We are barely three months in, and already 2018 shows ominous signs of being like 2016, in that it will be chiefly remembered for its haul of celebrity mortality.
This week brought the very sad news of the death of Stephen Hawking, for decades the single most famous scientist on the planet (even if, strictly speaking, he wasn’t so much a scientist as a theoretician, but media celebrity has never been much interested in such fine distinctions).
The news led in turn to a positively surreal exchange on the main Government radio station in my own country, Ireland. Some science bod from one of the Dublin colleges was on, ostensibly to provide an appreciation of Hawking’s life and achievements.
The guy declared that Hawking’s book had ‘changed my life,’ but then didn’t seem to be able to remember its name.
Sure that’s always happening to me. I’m always coming across books like that. It’s like meeting girls at parties. They change my life and then I can’t remember their names.
The science ‘expert’ then went on to give a very partial and incomplete definition of ‘Hawking Radiation,’ declared that a new telescope in the Irish Midlands will be ‘looking at things like Black Holes’ (Impossible: you can’t actually ‘see’ Black Holes, therefore you can’t ‘look at them’) and mentioned Hawking’s famous cameo in Star Trek, where he ‘played chess with Mister Spock.’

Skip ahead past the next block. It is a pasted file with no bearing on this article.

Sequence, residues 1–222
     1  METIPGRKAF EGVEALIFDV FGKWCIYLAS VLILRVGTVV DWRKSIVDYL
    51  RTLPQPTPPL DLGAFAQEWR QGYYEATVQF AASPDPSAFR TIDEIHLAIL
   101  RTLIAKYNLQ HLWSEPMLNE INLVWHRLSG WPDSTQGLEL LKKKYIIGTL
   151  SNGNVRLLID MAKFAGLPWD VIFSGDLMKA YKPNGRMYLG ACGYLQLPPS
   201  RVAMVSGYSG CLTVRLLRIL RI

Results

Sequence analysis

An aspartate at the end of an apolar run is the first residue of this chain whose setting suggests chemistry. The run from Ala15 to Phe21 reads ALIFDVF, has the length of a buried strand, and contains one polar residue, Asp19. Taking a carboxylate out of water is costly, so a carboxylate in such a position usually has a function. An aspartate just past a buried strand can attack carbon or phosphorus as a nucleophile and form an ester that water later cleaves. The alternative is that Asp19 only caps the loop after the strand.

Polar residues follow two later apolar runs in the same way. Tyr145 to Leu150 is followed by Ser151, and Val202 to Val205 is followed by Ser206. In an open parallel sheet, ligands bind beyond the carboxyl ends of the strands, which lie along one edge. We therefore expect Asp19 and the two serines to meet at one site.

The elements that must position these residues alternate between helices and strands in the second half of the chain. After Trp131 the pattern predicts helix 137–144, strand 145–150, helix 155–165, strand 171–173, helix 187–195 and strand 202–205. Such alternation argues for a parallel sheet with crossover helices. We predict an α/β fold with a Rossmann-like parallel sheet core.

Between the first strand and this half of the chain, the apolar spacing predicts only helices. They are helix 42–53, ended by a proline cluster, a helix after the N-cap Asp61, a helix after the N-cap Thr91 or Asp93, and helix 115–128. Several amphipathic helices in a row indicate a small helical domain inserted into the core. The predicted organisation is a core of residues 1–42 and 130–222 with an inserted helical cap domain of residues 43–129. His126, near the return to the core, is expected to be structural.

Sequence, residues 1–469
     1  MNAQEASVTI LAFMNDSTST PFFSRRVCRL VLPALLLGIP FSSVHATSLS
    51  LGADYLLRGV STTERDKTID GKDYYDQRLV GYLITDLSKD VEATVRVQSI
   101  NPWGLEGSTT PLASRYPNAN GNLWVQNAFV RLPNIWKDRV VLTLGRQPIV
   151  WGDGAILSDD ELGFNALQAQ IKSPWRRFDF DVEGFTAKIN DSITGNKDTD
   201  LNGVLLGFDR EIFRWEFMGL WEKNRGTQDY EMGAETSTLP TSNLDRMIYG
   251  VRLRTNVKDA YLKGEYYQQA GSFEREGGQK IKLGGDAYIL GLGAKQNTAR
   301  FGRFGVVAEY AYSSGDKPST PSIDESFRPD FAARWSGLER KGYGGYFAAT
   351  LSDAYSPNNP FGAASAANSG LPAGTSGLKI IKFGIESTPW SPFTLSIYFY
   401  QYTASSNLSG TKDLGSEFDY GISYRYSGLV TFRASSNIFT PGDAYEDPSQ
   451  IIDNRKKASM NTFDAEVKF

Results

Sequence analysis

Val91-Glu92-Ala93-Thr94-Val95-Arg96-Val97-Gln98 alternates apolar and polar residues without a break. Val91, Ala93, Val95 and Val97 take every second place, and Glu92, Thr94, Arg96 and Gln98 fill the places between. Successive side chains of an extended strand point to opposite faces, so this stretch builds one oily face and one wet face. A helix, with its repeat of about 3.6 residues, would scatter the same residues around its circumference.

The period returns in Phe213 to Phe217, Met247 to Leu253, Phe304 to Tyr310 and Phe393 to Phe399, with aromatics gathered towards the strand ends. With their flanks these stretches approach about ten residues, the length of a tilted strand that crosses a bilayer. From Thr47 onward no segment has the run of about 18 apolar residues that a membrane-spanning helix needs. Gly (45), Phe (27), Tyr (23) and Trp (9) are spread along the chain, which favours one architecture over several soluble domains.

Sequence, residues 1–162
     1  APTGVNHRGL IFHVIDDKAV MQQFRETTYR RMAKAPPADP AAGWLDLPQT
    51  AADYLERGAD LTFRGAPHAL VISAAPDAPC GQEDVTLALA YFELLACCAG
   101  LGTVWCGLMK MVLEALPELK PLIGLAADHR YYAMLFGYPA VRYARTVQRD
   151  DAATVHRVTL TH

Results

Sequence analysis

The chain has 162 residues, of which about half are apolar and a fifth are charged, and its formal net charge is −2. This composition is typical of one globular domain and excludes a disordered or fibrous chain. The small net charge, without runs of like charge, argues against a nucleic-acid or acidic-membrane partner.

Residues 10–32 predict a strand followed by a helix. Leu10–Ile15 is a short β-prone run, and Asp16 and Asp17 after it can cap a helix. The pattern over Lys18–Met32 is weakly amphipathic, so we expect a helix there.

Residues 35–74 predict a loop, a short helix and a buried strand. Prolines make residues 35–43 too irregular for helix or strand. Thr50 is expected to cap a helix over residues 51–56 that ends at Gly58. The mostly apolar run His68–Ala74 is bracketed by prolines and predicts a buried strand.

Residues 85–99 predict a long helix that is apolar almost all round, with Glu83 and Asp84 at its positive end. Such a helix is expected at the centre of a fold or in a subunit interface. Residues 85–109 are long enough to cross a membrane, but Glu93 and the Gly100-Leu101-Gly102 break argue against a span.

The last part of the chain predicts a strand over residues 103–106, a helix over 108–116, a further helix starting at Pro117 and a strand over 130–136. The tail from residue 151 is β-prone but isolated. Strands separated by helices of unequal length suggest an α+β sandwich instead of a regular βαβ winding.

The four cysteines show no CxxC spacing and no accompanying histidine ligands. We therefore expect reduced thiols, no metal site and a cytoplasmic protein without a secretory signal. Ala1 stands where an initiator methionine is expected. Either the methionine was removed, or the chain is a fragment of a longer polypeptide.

He didn’t. He played poker with Mr Data, Einstein and Issac Newton. Maybe such details don’t matter all that much in the grander scheme of cheap media airspace, but I wouldn’t be pinning my hopes on any theories this guy comes up with about the true nature of the Universe.
For those in my country, moments like this are a small but depressing reminder of how lives might end, great and ordinary women and men come and go, but Banana Republic codology remains immortal. Happy St. Patrick’s Day everyone.
But exchanges like this also, perhaps, illustrate the flip side of Hawking’s decision to embrace global celebrity in the way he did.
His book, by the way, was called ‘A Brief History of Time’ (there are others, but it’s the most famous one) and Hawking said he wrote it out of a desire to popularize interest in his field of science, to get people thinking about the Universe and its origins.
It’s also been suggested that he did so in order to help pay for the increasing cost of his care, to maintain both the growing entourage and increasingly sophisticated technology necessary to keep him alive and functional, and that is completely understandable.
It led to him becoming one of the most instantly recognisable people on the planet.
Anyone who hunted through the pages of ‘A Brief History’ hoping for, as one of Hawking’s publishers put it, ‘a key to the mystery of life’ was going to be disappointed. It topped the bestseller charts for years, and there was a long time when it was immensely trendy to pretend you could read it, but since there remain far more questions than answers in Cosmology and Physics, any hope of a Holy Grail was remote.